- Also known as macrostereognosis. Both terms stem from the Greek adjective makros (large) and the medical term stereognosis (from the Greek words stereos (solid, tight, compact) and gnosis (insight)), meaning the ability to identify solid objects through tactile sensation. The term macrostereognosia was introduced in or shortly before 1945 by the Jewish neurologist Lipman Halpern to denote a tactile "illusion in which an object, held in the palm of one's hand, for example, appears to be significantly more bulky and massive than it actually is. The term macrostereognosia is used in opposition to "microstereognosia. Pathophysiologi-cally, both conditions are associated primarily with thalamic dysfunction and with mild parietal sensory impairment. Conceptually, macrostere-ognosia can be considered the tactile equivalent of "macropsia (i.e. seeing things as larger than they are). The two conditions have also been known to occur in conjunction.ReferencesCritchley, M. (1953). The parietal lobes. London: Edward Arnold & Co.Halpern, L. (1945). Macrostereognosia. An unusual phenomenon in a case of thalamic syndrome. Journal of Nervous and Mental Disease, 102, 260-264.Halpern, L. (1959). Simultaneous visual and tactile illusions of size. Confinia Neurologica, 19, 301-306.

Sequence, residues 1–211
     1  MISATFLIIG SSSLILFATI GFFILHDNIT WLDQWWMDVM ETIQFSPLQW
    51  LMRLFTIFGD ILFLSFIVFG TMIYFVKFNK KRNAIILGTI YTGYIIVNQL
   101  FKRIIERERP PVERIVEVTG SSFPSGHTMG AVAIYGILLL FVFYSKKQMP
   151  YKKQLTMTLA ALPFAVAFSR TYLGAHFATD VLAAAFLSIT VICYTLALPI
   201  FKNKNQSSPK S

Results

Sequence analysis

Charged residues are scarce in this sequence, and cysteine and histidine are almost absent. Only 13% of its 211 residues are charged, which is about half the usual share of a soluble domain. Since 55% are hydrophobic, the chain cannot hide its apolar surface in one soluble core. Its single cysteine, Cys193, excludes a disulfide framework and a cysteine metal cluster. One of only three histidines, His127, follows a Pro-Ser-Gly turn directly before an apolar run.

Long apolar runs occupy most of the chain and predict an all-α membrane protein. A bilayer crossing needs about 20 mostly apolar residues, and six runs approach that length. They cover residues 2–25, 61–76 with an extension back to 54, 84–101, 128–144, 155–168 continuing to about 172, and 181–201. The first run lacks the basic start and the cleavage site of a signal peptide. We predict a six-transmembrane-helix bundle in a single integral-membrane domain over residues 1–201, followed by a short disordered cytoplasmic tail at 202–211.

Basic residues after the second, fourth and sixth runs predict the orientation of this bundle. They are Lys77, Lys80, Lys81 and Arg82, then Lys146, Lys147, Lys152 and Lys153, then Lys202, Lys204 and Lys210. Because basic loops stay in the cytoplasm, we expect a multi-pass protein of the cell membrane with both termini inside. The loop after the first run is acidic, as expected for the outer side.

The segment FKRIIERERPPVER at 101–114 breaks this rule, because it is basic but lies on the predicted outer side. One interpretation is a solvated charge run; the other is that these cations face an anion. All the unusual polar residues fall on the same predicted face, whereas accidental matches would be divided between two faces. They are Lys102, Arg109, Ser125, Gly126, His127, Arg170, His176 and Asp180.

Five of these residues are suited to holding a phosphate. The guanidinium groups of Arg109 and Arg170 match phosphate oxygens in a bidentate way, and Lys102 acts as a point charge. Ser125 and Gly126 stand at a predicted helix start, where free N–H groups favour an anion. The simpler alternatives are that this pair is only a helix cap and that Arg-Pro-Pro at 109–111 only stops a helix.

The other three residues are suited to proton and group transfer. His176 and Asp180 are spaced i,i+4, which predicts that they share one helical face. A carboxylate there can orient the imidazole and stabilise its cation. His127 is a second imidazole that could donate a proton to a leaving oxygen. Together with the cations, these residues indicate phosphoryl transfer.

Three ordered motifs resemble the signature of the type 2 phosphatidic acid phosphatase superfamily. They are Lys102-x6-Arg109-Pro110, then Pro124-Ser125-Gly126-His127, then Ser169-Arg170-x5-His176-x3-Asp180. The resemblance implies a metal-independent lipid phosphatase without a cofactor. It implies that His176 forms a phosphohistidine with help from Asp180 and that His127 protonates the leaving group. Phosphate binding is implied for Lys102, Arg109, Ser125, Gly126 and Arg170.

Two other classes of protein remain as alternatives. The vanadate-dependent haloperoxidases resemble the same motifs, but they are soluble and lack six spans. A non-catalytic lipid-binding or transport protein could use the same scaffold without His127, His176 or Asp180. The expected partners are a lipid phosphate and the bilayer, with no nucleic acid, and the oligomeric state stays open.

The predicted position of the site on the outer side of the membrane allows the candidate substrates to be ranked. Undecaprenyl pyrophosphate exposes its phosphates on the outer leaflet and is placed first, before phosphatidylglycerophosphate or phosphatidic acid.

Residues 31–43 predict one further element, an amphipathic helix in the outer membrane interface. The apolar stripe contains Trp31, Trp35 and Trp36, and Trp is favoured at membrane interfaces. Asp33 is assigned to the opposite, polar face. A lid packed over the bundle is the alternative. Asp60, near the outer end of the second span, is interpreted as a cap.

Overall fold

Dictionary of Hallucinations. J.D. Blom. 2010.